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  • I want to talk to you today about prosperity,

  • about our hopes

  • for a shared and lasting prosperity.

  • And not just us,

  • but the two billion people worldwide

  • who are still chronically undernourished.

  • And hope actually is at the heart of this.

  • In fact, the Latin word for hope

  • is at the heart of the word prosperity.

  • "Pro-speras," "speras," hope --

  • in accordance with our hopes and expectations.

  • The irony is, though,

  • that we have cashed-out prosperity

  • almost literally in terms of money and economic growth.

  • And we've grown our economies so much

  • that we now stand

  • in a real danger

  • of undermining hope --

  • running down resources, cutting down rainforests,

  • spilling oil into the Gulf of Mexico,

  • changing the climate --

  • and the only thing that has actually

  • remotely slowed down the relentless rise

  • of carbon emissions over the last two to three decades

  • is recession.

  • And recession, of course,

  • isn't exactly a recipe for hope either,

  • as we're busy finding out.

  • So we're caught in a kind of trap.

  • It's a dilemma, a dilemma of growth.

  • We can't live with it; we can't live without it.

  • Trash the system or crash the planet --

  • it's a tough choice; it isn't much of a choice.

  • And our best avenue of escape from this actually

  • is a kind of blind faith

  • in our own cleverness and technology and efficiency

  • and doing things more efficiently.

  • Now I haven't got anything against efficiency.

  • And I think we are a clever species sometimes.

  • But I think we should also just check the numbers,

  • take a reality check here.

  • So I want you to imagine a world,

  • in 2050, of around nine billion people,

  • all aspiring to Western incomes,

  • Western lifestyles.

  • And I want to ask the question --

  • and we'll give them that two percent hike in income, in salary each year as well,

  • because we believe in growth.

  • And I want to ask the question:

  • how far and how fast would be have to move?

  • How clever would we have to be?

  • How much technology would we need in this world

  • to deliver our carbon targets?

  • And here in my chart --

  • on the left-hand side is where we are now.

  • This is the carbon intensity of economic growth

  • in the economy at the moment.

  • It's around about 770 grams of carbon.

  • In the world I describe to you,

  • we have to be right over here at the right-hand side

  • at six grams of carbon.

  • It's a 130-fold improvement,

  • and that is 10 times further and faster

  • than anything we've ever achieved in industrial history.

  • Maybe we can do it, maybe it's possible -- who knows?

  • Maybe we can even go further

  • and get an economy that pulls carbon out of the atmosphere,

  • which is what we're going to need to be doing

  • by the end of the century.

  • But shouldn't we just check first

  • that the economic system that we have

  • is remotely capable of delivering

  • this kind of improvement?

  • So I want to just spend a couple of minutes on system dynamics.

  • It's a bit complex, and I apologize for that.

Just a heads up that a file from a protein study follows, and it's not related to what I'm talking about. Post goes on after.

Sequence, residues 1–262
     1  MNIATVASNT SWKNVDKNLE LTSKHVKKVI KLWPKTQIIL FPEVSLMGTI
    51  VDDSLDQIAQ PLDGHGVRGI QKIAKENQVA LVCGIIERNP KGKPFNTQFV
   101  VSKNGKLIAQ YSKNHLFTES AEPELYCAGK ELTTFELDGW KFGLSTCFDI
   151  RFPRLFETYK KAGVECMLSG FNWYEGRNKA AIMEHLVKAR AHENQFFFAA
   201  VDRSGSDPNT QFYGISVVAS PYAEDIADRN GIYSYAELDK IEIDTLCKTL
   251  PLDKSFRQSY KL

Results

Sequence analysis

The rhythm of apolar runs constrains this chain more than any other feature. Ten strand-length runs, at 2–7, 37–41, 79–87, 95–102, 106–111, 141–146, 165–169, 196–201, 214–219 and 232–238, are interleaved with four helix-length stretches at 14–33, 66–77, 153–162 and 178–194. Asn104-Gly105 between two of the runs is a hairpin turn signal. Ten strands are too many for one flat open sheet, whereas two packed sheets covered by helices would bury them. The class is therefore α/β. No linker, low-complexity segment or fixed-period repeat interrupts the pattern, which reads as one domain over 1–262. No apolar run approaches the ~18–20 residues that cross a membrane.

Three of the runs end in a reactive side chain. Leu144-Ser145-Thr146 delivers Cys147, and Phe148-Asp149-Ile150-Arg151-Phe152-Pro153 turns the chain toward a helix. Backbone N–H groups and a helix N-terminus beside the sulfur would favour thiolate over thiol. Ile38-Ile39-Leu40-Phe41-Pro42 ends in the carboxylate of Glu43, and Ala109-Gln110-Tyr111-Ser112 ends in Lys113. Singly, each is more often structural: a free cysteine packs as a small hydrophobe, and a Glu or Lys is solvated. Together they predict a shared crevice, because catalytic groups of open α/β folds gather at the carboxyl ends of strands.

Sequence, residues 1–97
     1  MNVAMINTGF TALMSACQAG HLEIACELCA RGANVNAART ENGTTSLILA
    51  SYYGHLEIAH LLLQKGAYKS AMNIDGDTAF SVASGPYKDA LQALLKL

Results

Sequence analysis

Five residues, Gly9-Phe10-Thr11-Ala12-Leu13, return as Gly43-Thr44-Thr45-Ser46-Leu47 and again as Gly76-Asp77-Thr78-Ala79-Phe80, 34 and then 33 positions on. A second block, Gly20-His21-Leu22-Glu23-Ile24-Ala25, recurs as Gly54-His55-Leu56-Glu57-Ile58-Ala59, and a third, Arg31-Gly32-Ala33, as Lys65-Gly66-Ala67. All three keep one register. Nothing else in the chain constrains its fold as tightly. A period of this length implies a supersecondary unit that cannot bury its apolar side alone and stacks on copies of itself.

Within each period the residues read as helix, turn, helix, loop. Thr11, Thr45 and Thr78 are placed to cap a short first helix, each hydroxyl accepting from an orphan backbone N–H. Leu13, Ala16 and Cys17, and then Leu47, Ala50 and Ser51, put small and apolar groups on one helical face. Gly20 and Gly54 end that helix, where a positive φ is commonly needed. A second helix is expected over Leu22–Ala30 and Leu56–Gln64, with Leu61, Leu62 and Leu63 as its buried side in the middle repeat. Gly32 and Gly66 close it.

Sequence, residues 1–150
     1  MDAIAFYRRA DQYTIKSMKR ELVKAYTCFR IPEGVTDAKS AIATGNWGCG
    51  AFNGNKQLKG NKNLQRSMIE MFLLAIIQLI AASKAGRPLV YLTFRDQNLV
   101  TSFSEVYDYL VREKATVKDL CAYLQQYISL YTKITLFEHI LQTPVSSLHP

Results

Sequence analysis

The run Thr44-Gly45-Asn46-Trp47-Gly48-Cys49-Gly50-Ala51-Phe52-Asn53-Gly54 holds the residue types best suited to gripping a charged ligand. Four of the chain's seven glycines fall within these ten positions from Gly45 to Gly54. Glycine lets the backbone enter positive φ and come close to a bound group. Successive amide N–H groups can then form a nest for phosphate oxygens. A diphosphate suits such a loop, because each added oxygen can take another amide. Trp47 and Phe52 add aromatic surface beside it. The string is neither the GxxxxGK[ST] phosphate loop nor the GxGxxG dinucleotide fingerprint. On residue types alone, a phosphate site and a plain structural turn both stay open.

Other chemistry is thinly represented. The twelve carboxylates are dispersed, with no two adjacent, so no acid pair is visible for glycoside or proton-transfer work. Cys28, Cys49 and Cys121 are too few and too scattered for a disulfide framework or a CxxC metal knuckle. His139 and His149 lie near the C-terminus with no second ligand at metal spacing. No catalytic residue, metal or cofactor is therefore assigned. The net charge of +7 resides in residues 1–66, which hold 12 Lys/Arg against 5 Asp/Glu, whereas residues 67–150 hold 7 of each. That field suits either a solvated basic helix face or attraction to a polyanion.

• What I'll try and do, is I'll try and paraphrase it

  • is sort of human terms.

  • So it looks a little bit like this.

  • Firms produce goods for households -- that's us --

  • and provide us with incomes,

  • and that's even better, because we can spend those incomes

  • on more goods and services.

  • That's called the circular flow of the economy.

  • It looks harmless enough.

  • I just want to highlight one key feature of this system,

  • which is the role of investment.

  • Now investment constitutes

  • only about a fifth of the national income

  • in most modern economies,

  • but it plays an absolutely vital role.

  • And what it does essentially

  • is to stimulate further consumption growth.

  • It does this in a couple of ways --

  • chasing productivity,

  • which drives down prices and encourages us to buy more stuff.

  • But I want to concentrate

  • on the role of investment

  • in seeking out novelty,

  • the production and consumption of novelty.

  • Joseph Schumpeter called this

  • "the process of creative destruction."

  • It's a process of the production and reproduction of novelty,

  • continually chasing expanding consumer markets,

  • consumer goods, new consumer goods.

  • And this, this is where it gets interesting,

  • because it turns out that human beings

  • have something of an appetite for novelty.

  • We love new stuff --

  • new material stuff for sure --

  • but also new ideas, new adventures,

  • new experiences.

  • But the materiality matters too,

  • because in every society

  • that anthropologists have looked at,

  • material stuff

  • operates as a kind of language --

  • a language of goods,

  • a symbolic language

  • that we use to tell each other stories --

  • stories, for example,

  • about how important we are.

  • Status-driven, conspicuous consumption

  • thrives from the language

  • of novelty.

  • And here, all of a sudden,

  • we have a system

  • that is locking economic structure with social logic --

  • the economic institutions, and who we are as people, locked together

  • to drive an engine of growth.

  • And this engine is not just economic value;